Effects of Overcurrent.
A transformer may be subjected to overcurrents ranging from just in excess of nameplate rating to as much as 10 or 20 times rating. Currents up to about twice rating normally result from overload conditions on the system, while higher currents are a consequence of system faults.

When such overcurrents are of extended duration, they may produce either mechanical or thermal damage in a transformer, or possibly both. At current levels near the maximum design capability (worst-case through fault), mechanical effects from electromagnetically generated forces are of primary concern.

The pulsating forces tend to loosen the coils, conductors may be deformed or displaced, and insulation may be damaged. Lower levels of current principally produce thermal heating, with consequences as described later on loading practices. For all current levels, the extent of the damage is increased with time duration.

Protective Devices. 
Whatever the cause, magnitude, or duration of the overcurrent, it is desirable that some component of the system recognize the abnormal condition and initiate action to protect the transformer. Fuses and protective relays are two forms of protective devices in common use.

A fuse consists of a fusible conducting link which will be destroyed after it is subjected to an overcurrent for some period of time, thus opening the circuit. Typically, fuses are employed to protect distribution transformers and small power transformers up to 5000 to 10,000 kVA.

Traditional relays are electromagnetic devices which operate on a reduced current derived from a current transformer in the main transformer line to close or open control contacts, which can initiate the operation of a circuit breaker in the transformer line circuit. Relays are used to protect all medium and large power transformers.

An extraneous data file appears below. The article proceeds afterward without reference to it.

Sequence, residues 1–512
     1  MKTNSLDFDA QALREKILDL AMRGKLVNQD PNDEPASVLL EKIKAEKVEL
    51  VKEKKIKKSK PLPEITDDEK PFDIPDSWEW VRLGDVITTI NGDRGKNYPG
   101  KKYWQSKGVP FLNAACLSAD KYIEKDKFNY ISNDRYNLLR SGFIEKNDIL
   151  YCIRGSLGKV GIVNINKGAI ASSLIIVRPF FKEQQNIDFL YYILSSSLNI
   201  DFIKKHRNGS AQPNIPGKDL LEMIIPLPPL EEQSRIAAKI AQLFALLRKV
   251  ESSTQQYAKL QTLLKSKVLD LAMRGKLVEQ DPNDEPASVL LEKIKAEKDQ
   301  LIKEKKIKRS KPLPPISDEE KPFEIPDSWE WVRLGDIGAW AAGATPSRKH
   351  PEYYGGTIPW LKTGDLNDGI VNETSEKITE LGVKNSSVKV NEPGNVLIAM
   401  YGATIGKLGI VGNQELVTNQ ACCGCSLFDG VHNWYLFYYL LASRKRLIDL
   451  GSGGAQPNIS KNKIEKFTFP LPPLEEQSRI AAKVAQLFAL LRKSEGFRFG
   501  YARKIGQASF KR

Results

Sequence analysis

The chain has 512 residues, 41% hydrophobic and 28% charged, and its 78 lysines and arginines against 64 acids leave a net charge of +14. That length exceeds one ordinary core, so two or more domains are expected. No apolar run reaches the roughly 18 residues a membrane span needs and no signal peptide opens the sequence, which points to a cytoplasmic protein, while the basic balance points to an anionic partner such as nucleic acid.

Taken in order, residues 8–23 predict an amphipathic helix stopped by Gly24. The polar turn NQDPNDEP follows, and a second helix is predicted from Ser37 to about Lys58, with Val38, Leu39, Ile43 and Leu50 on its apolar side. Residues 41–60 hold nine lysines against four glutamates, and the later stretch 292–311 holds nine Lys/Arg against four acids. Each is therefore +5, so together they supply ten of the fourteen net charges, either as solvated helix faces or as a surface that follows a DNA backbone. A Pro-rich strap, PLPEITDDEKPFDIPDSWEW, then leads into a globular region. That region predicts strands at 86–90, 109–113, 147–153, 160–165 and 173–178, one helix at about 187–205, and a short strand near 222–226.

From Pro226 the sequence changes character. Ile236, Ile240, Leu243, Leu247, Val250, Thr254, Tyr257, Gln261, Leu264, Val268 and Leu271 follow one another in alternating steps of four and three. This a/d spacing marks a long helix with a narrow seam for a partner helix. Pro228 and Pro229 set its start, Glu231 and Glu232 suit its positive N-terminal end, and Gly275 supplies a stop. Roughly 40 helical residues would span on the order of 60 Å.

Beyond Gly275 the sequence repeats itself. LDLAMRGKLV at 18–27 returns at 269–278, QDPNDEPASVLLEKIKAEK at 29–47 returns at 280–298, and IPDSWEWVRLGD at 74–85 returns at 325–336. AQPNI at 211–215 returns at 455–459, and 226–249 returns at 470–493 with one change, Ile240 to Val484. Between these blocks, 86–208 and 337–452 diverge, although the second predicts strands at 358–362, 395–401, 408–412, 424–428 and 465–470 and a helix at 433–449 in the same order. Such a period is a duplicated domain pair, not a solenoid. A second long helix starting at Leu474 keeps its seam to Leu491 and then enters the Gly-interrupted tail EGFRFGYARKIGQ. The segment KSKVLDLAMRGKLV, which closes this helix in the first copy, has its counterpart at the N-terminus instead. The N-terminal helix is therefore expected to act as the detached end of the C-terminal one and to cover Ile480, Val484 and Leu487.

All protective devices, such as fuses and relays, have a defined operating characteristic in the current-time domain. This characteristic should be properly coordinated with the current-carrying capability of the transformer to avoid damage from prolonged overloads or through faults.

Transformer capability is defined in general terms in a guide document, ANSI/IEEE C57.109, Transformer Through Fault Current Duration Guide. The format of the transformer capability curves is shown in Fig. 10-35.

The solid curve, A, defines the thermal capability for all ratings, while the dashed curves, B (appropriate to the specific transformer impedance), define mechanical capability. For proper coordination on any power transformer, the protective-device characteristic should fall below both the mechanical and thermal portions of the transformer capability curve.

(See ANSI/ IEEE C57.10-38 for details of application.)

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